It is reasonable to assume that religious bodies, in the interests of human liberties, ought to be protected by the State. Yet the Human Rights Bill so elevates the individual's need for protection and his rights under the European Convention that these very religious bodies themselves are under the greatest threat. Nor is the nature of human rights adequately expressed, and the next generation could go on redefining such rights.
Certain aspects of the Human Rights Bill will be welcomed by Christians. However, the historical circumstances and particular moral and ethical standards of religious bodies mean that religious bodies performing public functions will be open to abusive litigation. It could also mean the effective withdrawal of churches and religious groups from worthwhile and meaningful civic service.
The whole debate is a debate about sin and the native autonomy of the sinful heart. Ever since man ate the forbidden fruit, he has asserted his own authority and has contradicted the authority of God. Sin came in because Adam believed that by getting what God forbade he could make perfection better.
It is no accident that there is an 'I' in the middle of 'sin'. I, the self, me - that native pride is the power behind every sinful word, thought and action. And its children are to be found in pressure groups, lobbyists and extreme parties who insist on the absolute right of man to do his own thing.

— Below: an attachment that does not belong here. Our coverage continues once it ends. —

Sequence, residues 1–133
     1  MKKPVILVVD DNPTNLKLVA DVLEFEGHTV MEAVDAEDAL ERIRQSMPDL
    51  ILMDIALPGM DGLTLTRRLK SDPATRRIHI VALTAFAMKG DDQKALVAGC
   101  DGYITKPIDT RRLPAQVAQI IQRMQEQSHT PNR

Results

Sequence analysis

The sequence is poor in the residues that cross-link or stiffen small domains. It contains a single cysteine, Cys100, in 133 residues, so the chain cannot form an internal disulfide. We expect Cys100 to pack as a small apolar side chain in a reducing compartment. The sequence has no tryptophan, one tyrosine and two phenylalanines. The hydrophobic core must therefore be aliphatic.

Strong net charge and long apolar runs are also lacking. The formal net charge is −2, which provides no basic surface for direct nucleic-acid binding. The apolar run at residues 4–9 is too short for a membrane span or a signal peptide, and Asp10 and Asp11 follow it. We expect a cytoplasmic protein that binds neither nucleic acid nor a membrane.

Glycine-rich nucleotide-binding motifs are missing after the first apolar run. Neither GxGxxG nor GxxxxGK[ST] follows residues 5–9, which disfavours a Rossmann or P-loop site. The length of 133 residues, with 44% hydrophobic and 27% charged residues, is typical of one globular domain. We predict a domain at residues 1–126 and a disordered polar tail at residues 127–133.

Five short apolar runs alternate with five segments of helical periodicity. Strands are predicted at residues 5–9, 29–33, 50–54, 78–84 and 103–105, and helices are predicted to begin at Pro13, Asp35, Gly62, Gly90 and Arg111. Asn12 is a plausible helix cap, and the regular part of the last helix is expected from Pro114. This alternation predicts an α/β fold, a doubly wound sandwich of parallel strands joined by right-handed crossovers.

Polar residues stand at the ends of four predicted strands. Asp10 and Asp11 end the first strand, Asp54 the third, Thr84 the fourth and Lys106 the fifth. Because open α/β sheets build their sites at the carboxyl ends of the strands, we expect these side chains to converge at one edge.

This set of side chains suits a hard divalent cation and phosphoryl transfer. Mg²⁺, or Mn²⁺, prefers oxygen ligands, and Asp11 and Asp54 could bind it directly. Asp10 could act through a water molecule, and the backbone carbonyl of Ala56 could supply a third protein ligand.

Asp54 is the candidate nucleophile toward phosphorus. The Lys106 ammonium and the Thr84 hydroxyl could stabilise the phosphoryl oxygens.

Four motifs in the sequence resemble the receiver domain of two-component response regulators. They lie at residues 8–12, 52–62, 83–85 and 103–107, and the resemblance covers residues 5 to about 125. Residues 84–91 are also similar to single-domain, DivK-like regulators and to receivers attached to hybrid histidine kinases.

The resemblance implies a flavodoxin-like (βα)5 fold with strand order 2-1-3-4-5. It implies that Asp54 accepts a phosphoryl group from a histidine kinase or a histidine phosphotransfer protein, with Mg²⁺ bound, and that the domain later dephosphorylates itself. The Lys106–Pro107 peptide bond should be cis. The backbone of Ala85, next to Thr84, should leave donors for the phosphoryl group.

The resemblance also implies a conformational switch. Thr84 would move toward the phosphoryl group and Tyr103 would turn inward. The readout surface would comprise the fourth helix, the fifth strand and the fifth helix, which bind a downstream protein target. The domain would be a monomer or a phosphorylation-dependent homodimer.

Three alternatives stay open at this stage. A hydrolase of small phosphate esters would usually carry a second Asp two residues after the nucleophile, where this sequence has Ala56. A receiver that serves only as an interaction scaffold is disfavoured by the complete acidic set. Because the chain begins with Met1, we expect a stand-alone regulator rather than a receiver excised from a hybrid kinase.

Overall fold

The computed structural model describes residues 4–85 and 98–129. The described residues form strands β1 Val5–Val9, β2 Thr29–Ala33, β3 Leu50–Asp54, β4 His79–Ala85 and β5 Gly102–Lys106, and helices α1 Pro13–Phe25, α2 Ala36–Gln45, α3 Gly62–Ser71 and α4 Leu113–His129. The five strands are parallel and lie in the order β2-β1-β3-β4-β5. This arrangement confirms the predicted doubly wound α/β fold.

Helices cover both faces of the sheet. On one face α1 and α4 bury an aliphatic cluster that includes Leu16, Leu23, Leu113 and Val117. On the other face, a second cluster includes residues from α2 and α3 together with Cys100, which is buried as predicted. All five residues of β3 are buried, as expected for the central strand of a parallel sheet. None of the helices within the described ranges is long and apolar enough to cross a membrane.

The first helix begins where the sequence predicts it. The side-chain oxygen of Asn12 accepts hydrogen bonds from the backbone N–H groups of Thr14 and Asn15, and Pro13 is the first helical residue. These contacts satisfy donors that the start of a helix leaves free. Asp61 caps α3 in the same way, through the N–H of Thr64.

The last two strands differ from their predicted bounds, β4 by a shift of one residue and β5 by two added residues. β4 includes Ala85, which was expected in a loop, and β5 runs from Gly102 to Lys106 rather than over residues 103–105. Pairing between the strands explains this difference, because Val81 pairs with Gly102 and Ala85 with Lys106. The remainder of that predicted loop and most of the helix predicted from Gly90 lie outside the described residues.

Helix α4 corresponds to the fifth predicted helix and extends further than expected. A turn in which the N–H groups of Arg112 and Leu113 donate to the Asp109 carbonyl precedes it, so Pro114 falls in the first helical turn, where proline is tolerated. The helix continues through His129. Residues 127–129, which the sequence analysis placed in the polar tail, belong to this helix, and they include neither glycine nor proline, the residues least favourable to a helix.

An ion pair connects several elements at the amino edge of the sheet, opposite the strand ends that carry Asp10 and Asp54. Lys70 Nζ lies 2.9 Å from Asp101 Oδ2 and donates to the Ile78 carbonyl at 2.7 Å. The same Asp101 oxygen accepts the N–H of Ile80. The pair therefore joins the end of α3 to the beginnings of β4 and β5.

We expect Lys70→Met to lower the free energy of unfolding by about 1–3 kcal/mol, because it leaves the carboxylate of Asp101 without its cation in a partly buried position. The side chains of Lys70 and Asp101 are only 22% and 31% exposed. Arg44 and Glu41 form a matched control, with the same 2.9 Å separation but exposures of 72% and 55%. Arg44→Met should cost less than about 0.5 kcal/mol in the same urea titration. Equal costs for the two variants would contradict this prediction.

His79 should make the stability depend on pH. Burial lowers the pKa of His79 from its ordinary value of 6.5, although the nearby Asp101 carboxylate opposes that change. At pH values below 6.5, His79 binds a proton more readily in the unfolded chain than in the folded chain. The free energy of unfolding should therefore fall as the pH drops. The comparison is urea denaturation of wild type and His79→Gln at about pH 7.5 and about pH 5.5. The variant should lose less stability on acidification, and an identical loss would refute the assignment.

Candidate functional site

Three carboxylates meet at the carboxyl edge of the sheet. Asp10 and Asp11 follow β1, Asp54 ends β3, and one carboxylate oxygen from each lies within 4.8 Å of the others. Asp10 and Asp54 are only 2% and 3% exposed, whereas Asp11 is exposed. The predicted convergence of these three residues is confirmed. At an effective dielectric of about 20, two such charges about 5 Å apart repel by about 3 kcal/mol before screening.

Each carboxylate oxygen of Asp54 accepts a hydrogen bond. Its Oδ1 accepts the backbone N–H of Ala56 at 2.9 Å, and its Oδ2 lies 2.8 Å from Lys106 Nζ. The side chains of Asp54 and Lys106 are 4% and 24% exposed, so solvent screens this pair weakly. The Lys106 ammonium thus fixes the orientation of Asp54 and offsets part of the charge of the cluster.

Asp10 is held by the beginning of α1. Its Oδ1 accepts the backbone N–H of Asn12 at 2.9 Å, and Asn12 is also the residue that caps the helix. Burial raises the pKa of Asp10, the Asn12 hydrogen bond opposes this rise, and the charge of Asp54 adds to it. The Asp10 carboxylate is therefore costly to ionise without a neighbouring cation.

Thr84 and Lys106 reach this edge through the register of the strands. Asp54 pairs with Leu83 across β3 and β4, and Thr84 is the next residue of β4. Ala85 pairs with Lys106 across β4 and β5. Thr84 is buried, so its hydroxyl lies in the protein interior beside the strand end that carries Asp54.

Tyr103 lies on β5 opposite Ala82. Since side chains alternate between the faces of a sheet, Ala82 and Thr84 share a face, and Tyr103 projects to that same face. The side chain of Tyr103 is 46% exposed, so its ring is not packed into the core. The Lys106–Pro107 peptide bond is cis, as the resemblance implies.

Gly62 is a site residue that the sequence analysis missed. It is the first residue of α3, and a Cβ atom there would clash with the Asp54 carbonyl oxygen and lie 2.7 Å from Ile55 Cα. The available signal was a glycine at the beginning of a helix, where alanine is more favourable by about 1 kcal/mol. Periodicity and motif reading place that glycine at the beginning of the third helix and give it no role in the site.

There is a clear theological point here, which the church has to define. What rights does a sinful man in a sinful wok have? In an absolute sense, none at all. Every right has been forfeited by sin; before the Creator, the creature has the right only to obey.
But in the devolved sovereignty which God Himself gave to man when He placed him in the Garden of Eden, there were inalienable rights and privileges afforded him. Man has, first, the right to life. No-one has the right to take life away, except, arguably, under punitive conditions. From abortion to euthanasia, the church is mandated to declare the sanctity of life and the right of man to the life God has given Him.
He also has the right of sovereignty, subject to the over-ruling will of God. Man was placed in the Garden of Eden to subdue it as well as to keep it, to harness its resources and make use of its provisions. He was mandated to utilise everything that God had placed there in order that there might be continuance in a condition of innocence and service. Man has the right to exercise a devolved and responsible kingship over the cosmos, harnessing its energies and channeling its powers for the continued good of the world.